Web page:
by clicking the arrows at the side of the page, or by using the toolbar.
by clicking anywhere on the page.
by dragging the page around when zoomed in.
by clicking anywhere on the page when zoomed in.
web sites or send emails by clicking on hyperlinks.
Email this page to a friend
Search this issue
Index - jump to page or section
Archive - view past issues
CRT Catalogue Pull-out Feature : Crop Feature - Winter 2013
www.crt.com.au There’s always better value at CRT. Go to www.crt.com.au to register and receive your next issue via email. Esterifield canola oil The original products in this segment (Hasten and kwickin) were formulated on esterified canola oil. All of the proprietary selective herbicides and fungicides that recommend these adjuvants carried out their trials with canola oil based branded adjuvants. Some years ago the label active constituent description was changed by APVMA to esters of vegetable oil. This has enabled many manufacturers to formulate their adjuvant on a variety of alternatives other than the 'expensive' Australian grown canola oil. From a technical viewpoint, canola oil is the superior oil due to its higher content of unsaturated fatty acids compared to all other alternatives. Examples of the oils that are used in many products are palm oil, cottonseed oil, esterified waste cooking oils and bio-diesel. These alternate oil types sometimes lead to greater crop phytotoxicity and poorer efficacy. Petroleum oil adjuvants Petroleum oil based adjuvants serve a variety of purposes and are not necessarily multifunctional. Oil adjuvants that are applied over crop generally need to be high in paraffinic content and low in aromatic content. Also, the oil carbon chain length can affect efficacy and plant damage potential. There are many sources of petroleum oils including recycled transformer oils. Some cases of extensive crop damage have been reported resulting from the use of an oil adjuvant that does not have the correct oil for the application undertaken. The old saying ‘oils ain’t oils’ is very true. Products such as Uptake, Tribute, D -C -Trate are consistent performers. Soyal phospholipid adjuvants These adjuvants are registered to do a variety of functions. Managing Director of SST, John Illingworth, notes that “the manufacturer is not required to prove these claims when registering generic alternatives. Consequently, generic manufacturers pay no attention to the quality of the oil or surfactant that are the key components of these products.” Only through appropriate trials can one show that the formulation meets its required drift control characteristics and reduction of droplet evaporation rates which is a crucial aspect for obtaining optimum performance with glyphosate sprays. “Also, the use of cheap oil and surfactants often results in a product that separates on storage. This means that the adjuvant will give different results depending on how full the drum was when applied to the spray tank. Companion has the data to substantiate their claims” says John. Products that have been supported in the industry for many years are generally the best choice if the grower is seeking to achieve reliable results. Choice of a generic product may save 5–20 cents per hectare cost, but if yield suffers by more than 1kg per hectare, then your grower has lost money. Crop Protection TechUpdate–Winter2013 With the increasing introduction of generic options in agriculture, the manufacturer’s focus has turned to cost cutting. In the field of adjuvants, which is poorly understood by the regulators, this has allowed some suppliers to compromise product quality such that now a large proportion of adjuvants available bare almost no resemblance to the original proprietary product from which they have adopted the label directions for use. Consequently, the industry is seeing many application failures which can be traced to the use of a lower quality adjuvant. 100% Non-ionic surfactant Where labels recommend the use of a 100% non-ionic surfactant, in most cases the proprietary product from which the generic label was derived had utilised alcohol alkoxylate such as BS1000 for the purpose of developing the directions for use data. BS1000 is a 9 carbon linear fatty alcohol alkoxylate (ethylene oxide and propylene oxide). Today, we see products offered as 100% non-ionic surfactant comprised of: 12 carbon vegetable fatty acid non-ionic ethoxylate (ethylene oxide only) 12 carbon vegetable alcohol alkoxylate (ethylene oxide and propylene oxide) 70–75% nonylphenol ethoxylate (non-biodegradable surfactant) 25–30% butyl diglycol (solvent) 12 carbon synthetic alcohol ethoxylate (ethylene oxide only) 100% alkylphenol ethoxylate (ethylene oxide only) Physical chemistry data indicates that these offerings do not produce the same characteristics as alcohol alkoxylate, which in some cases, are quite inferior. Issues about adjuvant quality Whilst every care is taken in the preparation of the information contained in this Tech Update, it is general information only and has been prepared without taking into account your specific crop requirements. Combined Rural Traders Pty Ltd and its related entities will not, to the extent permitted by law, be liable for any loss, damage, injury, costs or expenses suffered by you or a third party directly or indirectly as a result of your reliance wholly or in part on this information in relation to the choice and use of manufactured products by you, irrespective of whether or not such products are used in accordance with the manufacturer’s instructions or otherwise and whether or not such products are purchased or obtained at the suggestion of Combined Rural Traders Pty Ltd or any of its related entities (including their employees, contractors and agents). What Works CRT INFO ACTIVE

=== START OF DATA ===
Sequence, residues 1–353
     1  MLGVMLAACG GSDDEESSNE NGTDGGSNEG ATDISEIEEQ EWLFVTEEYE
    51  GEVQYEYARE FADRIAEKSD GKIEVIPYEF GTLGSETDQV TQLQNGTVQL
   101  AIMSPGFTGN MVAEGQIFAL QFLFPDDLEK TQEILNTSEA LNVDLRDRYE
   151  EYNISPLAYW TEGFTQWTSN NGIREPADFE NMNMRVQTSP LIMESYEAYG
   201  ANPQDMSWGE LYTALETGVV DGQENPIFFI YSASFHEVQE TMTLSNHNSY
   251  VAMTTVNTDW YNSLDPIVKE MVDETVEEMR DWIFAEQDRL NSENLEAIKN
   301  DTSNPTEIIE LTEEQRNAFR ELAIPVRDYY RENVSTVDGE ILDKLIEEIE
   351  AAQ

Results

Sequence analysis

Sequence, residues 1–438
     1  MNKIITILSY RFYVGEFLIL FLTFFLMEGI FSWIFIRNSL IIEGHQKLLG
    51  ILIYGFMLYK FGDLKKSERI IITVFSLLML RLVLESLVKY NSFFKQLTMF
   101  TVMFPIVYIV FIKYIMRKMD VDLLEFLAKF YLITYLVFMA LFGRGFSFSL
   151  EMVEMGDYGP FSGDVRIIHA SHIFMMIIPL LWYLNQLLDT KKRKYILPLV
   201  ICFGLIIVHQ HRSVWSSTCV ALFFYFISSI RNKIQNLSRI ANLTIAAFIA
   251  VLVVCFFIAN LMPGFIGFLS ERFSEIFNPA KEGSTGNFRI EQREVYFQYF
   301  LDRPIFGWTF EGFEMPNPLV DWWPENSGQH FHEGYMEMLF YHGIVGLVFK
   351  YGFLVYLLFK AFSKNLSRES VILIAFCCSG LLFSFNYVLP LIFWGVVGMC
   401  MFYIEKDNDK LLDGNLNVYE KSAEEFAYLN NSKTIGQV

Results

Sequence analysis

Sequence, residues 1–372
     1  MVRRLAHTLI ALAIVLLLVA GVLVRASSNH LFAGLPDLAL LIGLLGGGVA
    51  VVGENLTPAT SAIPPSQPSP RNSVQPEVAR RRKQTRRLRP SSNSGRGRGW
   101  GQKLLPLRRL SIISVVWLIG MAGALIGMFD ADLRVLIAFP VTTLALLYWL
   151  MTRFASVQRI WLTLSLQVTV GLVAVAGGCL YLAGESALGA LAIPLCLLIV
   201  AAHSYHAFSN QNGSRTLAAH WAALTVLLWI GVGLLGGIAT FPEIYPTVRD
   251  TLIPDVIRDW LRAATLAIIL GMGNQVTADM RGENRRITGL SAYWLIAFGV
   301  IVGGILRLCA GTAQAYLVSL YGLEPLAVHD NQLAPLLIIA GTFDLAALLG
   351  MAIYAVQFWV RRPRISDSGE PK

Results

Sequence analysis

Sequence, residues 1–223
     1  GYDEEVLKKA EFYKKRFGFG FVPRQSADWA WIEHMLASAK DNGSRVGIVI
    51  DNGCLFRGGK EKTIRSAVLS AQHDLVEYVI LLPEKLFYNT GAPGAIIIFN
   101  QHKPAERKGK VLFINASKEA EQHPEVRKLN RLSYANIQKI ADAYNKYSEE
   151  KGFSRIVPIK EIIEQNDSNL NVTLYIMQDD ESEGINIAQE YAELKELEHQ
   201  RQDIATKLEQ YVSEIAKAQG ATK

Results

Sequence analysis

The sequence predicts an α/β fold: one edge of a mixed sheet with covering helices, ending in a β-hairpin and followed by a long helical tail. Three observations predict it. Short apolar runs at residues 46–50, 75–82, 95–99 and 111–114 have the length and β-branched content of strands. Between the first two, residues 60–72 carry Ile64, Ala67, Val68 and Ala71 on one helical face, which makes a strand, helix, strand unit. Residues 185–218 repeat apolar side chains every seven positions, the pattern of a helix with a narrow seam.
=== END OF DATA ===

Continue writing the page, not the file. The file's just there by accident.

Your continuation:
Crop Feature - Autumn 2013
CRT Spring 2013 - Tech Update